It’s as if Bay is the annoying friend you bring to the movies who cracks a joke every time something serious happens, just to get a laugh out of you and to never let the moment take a turn to genuine emotion.  Dude, let us enjoy the moment, let us soak it in, don’t tell us how to feel at every turn.  One of my chief complaints of Bay’s Armageddon was that it never slowed down for a fucking second.  These oil riggers fly to space to dig a hole in a meteor and none of them take a moment to just look out at the stars or take in their surroundings to confess how they feel about what’s happening.  Not for one second!  It’s completely unrealistic and robs the film of being related to the audience.

TF3 is chock full of simply ridiculous plot points and characters.  The motives of many characters are so irrational and unbelievable that it almost feels like the humans are the aliens and the robots are the humans.  As Sam attempts to find a job as a post-grad, he struggles with proving his worth, especially after two movies worth of autobot assistance warfighting.  He’s kicked Megan Fox to the curb and is now dating a Victoria’s Secret model in the form of Rosie Huntington-Whitely, who is British, hot, and boring.  Seriously, it’s so distracting that Megan Fox isn’t in this.  Why couldn’t the bitch just get her shit together and apologize to Bay for likening him to Hitler and just got back to work?  It’s as if Princess Leia had dropped out of Return of the Jedi for calling George Lucas a bearded fucktard.  Stupid.  It’s not that Megan Fox brought much to the table other than her hotness, but at least she was consistent.

As for the supporting cast?  Who cares?  I mean, really.  The most character development of the human military cast is seeing their rank change between films.  Other than learning that Josh Duhamel had a newborn in the first film, we learn absolutely NOTHING about him in the proceeding films.  The only thing we know for certain is that he is about as highly trained as Jack Fucking Bauer, seeing as he knows how to use every single piece of military equipment known to the U.S. and abroad.  In trying to showcase how badass the U.S. military is in all his films (and, yes, they are badass) Bay instead makes the U.S. military look exceedingly unrealistic.  No one Soldier, Sailor, or Marine can do everything.  Sorry to break the myth, folks.

The sad part is that Bay could’ve cut so many of those bullshit scenes that go on way too long and advance the story by barely a smidgeon and instead focused on letting us know a little about these people we’re supposed to be rooting for.  Apparently, Duhamel having a perfect hairstyle is enough for us to root for him.  Patrick Dempsey shows up in a villainous role, whose motives and actions completely defy any sense of rationality.  Frances McDormand and John Malkovich, two actors who have more than proven their talents in the past, must’ve been starved for work and needed an addition put on the house.  Unfortunately, Bay’s ruse to get top name actors in his film to lend credibility to it backfires.  Instead, it steals all credibility away by making the actors look like buffoons.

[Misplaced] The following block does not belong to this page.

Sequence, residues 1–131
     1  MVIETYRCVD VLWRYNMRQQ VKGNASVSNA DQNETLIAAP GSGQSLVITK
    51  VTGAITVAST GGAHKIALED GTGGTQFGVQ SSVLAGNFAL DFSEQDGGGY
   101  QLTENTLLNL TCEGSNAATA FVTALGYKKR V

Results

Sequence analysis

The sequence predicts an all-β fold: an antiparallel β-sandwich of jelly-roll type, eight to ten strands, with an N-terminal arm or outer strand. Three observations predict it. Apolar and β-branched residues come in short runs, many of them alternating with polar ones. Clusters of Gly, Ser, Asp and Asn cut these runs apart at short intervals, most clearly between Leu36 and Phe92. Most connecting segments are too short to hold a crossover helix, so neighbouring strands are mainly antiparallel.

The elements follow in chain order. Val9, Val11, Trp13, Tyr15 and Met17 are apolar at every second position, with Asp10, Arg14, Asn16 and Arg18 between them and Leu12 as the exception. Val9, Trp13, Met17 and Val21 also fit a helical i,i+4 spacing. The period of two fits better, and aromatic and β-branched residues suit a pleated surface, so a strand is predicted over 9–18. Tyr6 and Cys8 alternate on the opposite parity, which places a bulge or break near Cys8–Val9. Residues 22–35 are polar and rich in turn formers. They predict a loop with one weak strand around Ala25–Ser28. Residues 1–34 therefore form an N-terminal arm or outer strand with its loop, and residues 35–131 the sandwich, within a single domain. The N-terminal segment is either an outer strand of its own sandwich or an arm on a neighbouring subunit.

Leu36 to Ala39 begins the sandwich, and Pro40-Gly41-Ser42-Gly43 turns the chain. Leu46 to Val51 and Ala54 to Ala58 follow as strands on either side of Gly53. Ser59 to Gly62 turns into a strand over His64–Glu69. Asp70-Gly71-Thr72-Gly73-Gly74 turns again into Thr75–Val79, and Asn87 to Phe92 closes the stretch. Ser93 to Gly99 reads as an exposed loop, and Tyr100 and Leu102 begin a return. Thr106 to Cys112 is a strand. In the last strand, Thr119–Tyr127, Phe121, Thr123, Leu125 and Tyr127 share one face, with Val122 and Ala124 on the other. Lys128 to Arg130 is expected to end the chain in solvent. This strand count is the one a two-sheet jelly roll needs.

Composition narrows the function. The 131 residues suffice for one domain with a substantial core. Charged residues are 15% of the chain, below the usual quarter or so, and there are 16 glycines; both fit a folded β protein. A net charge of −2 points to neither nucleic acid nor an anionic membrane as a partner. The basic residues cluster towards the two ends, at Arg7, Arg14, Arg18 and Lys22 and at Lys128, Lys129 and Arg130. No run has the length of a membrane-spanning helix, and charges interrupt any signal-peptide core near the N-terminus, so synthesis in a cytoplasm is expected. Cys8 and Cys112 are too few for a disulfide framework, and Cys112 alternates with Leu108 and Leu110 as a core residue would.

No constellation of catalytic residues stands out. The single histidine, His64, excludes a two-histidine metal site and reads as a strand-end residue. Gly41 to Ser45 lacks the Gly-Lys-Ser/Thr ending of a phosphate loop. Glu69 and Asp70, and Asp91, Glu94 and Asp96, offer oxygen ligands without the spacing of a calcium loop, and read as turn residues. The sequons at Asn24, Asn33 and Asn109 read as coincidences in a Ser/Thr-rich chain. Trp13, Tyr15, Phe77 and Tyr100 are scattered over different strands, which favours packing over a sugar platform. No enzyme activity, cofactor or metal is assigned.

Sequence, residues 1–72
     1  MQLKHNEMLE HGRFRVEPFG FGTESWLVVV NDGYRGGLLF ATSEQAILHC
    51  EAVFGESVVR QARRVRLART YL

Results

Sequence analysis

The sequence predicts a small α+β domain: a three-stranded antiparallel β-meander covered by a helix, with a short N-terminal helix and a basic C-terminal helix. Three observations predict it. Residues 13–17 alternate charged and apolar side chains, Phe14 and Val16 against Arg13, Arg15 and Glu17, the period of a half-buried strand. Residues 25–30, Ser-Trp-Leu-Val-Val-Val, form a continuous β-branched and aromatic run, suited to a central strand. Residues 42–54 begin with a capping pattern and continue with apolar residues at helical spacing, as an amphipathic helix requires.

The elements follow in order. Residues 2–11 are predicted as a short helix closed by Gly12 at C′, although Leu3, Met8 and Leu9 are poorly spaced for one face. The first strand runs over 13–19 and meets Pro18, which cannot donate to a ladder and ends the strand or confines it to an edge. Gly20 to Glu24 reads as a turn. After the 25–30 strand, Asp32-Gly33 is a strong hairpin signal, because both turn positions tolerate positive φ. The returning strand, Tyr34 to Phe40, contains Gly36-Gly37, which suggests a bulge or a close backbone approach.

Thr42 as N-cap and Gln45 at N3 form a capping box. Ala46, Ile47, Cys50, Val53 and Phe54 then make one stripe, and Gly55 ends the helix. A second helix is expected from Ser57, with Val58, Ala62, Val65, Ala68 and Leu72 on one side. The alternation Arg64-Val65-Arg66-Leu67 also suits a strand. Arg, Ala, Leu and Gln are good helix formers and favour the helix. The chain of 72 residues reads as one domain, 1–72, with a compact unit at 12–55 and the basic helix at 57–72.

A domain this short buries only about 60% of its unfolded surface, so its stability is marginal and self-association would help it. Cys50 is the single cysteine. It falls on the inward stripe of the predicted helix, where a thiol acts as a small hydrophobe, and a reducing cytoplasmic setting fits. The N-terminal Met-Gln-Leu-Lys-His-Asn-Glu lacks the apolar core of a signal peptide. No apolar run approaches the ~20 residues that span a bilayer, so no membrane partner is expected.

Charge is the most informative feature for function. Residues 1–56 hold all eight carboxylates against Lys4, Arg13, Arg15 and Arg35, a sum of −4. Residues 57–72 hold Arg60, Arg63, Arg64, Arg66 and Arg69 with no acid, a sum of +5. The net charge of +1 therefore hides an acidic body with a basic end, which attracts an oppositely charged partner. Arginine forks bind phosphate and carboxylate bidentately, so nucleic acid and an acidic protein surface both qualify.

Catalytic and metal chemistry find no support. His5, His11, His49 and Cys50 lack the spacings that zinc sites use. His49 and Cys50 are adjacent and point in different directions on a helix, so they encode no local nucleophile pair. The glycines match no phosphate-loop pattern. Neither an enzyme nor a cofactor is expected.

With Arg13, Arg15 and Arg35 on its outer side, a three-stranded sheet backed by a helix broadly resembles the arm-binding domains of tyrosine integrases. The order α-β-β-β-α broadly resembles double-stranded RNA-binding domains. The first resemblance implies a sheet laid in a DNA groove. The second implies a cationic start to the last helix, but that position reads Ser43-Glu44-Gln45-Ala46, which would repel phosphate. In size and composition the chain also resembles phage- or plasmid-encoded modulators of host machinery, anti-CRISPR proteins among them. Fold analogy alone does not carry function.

So, I’ve slayed the story and the acting, aside from Lebouf, who gives us more of the same, which isn’t really a bad thing.  He’s the most fun thing about the whole trilogy, character-wise.  So, what about the Bayhem, particularly the 3D Bayhem?  Well, it’s all there and then some, and is probably the biggest credit to what would otherwise be a retread of everything we’ve seen before.  Not since James Cameron’s Avatar, has there been a film shot for 3D in such a way and it shows.  In fact, it’s one of the few I’d recommend seeing in 3D (if at all).

The most inspired moment of the film is when Duhamel’s Army unit does their wing dive out of an aircraft into the skyscraper-laden city of Chicago.  The 3D camera is mounted to the stuntman jumping out of the back as if you are actually doing it yourself and it truly feels as if you are exiting an aircraft (something I am well-versed in, believe me).  It’s such an awesome moment and great use of 3D that it is suddenly sullen when you realize that you know NOTHING about the guys who are doing it.  Such a cool moment ruined, once again, by the lack of character.

After numerous complaints about not being able to follow the action in TF2, Bay has slowed down a lot of the action considerably, ensuring that you feel the impact of every punch, blast, and slam and see it from start to finish without a shred of doubt as to whose cyberguts just got blown out.  Which brings me to the next topic; the robo-violence.  I have no problem with it and don’t think it’s really all that extreme, but some parents may feel differently.  I mean, none of these guys are dispatched in a “kind” way.  From my perspective, it feels consistent with real war, where hesitation and mercy can cost lives, so I suppose seeing Optimus act quickly and effectively in killing off decepticons is believable to that end.  I have seen this mentioned in a few trusted reviews and I think it’s a difficult balance to find.  The same “kids” that are paying to see Transformers are the same kids playing Call of Duty, which doesn’t pull any punches (literally).  That’s some steep competition, so the expectation to deliver some hardcore roboviolence is a given.